To be fair, it got more interesting towards the final story arc, where you find out more truths about Sky and Phee’s family, and what happened in the past. Everything came to a nice close towards the end. The cheesy romance was still there and induced more eye rolls, but it was toned down for the latter part of the book.

Character wise, Phee would have to be the most interesting as she’s more aggressive of the two sisters and of a more stronger personality. She wasn’t a good match for Ryder anyway as they were just two very different people and completely incompatible but you kinda wish she found someone who’s just as tough as she is.

The romance nearly killed the book for me in this one. I’m glad I went through it as it proved to pick up the pace and went back on track. It’s a hidden gem and if you can get past the obvious, you’ll find a good dystopian story worth reading. ( )
  sensitivemuse | Oct 16, 2018 |
Good book! Told alternately by two sisters with very different personalities who are nonetheless close though they have their differences. ( )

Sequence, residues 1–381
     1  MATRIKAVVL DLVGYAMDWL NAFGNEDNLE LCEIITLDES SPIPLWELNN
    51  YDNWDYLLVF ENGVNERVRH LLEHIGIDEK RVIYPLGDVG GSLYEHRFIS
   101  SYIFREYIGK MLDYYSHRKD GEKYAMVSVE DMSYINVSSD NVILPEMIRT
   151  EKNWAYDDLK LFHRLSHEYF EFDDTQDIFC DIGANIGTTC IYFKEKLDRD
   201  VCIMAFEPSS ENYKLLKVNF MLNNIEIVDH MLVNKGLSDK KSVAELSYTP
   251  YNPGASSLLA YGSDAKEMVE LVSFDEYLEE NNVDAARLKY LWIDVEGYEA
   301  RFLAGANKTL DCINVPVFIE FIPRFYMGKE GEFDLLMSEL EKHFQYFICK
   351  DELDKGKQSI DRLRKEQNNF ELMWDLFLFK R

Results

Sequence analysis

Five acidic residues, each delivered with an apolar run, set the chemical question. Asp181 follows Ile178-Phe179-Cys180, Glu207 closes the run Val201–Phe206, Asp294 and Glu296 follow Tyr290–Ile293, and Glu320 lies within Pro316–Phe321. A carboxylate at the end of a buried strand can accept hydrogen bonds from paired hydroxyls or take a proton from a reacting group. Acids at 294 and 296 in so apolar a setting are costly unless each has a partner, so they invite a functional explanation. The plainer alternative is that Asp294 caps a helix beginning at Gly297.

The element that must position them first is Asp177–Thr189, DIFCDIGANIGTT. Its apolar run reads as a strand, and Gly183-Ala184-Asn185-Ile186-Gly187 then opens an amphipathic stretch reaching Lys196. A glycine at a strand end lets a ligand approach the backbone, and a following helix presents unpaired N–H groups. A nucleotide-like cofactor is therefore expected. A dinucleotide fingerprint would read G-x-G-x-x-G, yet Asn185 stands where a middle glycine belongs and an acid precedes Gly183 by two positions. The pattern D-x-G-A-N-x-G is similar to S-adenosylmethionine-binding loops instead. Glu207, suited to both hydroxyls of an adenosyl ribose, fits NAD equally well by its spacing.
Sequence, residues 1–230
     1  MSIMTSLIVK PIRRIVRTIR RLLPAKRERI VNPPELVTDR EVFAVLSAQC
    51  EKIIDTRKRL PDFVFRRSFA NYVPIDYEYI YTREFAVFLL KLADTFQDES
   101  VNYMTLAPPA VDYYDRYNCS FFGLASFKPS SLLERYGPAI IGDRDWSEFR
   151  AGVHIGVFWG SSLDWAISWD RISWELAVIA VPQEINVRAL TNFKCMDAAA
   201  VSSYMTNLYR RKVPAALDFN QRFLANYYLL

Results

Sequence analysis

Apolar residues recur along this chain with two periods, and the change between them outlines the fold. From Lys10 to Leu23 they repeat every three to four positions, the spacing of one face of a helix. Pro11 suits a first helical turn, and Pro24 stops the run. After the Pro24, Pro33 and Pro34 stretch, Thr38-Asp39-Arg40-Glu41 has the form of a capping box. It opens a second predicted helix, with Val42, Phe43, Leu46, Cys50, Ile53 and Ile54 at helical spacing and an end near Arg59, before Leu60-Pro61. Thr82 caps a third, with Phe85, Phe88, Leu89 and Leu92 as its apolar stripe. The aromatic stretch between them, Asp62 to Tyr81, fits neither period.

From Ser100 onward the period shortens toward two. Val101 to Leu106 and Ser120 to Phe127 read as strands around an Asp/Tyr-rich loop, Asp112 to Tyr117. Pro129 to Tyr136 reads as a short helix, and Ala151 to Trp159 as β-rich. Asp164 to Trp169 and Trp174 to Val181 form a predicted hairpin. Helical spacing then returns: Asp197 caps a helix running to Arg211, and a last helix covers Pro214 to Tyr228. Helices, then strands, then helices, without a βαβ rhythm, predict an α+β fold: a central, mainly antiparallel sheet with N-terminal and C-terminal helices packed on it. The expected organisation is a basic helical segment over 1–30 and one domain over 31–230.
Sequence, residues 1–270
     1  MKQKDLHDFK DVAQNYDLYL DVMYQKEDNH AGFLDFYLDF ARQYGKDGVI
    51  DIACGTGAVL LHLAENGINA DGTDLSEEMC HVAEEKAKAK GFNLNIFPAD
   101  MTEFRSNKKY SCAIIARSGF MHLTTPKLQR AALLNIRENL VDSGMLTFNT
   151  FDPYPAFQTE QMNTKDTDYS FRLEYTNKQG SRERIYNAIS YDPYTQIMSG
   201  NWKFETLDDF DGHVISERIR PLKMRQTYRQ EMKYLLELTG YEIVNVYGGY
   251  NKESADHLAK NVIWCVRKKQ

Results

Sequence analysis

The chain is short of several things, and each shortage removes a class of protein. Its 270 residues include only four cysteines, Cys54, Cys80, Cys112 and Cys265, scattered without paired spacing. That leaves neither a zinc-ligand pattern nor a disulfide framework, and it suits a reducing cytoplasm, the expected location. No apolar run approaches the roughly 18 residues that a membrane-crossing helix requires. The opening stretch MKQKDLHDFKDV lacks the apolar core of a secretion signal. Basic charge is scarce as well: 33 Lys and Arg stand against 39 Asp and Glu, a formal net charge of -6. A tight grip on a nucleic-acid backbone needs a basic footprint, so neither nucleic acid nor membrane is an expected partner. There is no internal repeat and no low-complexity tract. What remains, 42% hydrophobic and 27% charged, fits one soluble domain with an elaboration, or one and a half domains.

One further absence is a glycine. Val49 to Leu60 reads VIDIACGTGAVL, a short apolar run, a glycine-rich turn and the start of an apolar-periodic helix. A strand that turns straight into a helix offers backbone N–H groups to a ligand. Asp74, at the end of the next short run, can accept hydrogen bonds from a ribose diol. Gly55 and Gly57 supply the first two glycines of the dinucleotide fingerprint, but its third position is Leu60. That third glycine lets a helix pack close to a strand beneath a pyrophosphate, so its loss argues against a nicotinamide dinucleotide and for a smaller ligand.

1 vote NatalieSW | Nov 24, 2016 |
Showing 1-5 of 9 (next | show all)
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» Add other authors

Author nameRoleType of authorWork?Status
Lee Kellyprimary authorall editionscalculated
McCartney, MichaelCover designersecondary authorsome editionsconfirmed
Shea, ValerieCopy editorsecondary authorsome editionsconfirmed
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For my sisters, Bridget and Jill. With them, there would be no Phee and Sky.
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"After the Red Allies turn New York City into a POW camp, two sisters must decipher the past in order to protect the future in this ... thriller with a dual narrative"--Amazon.com.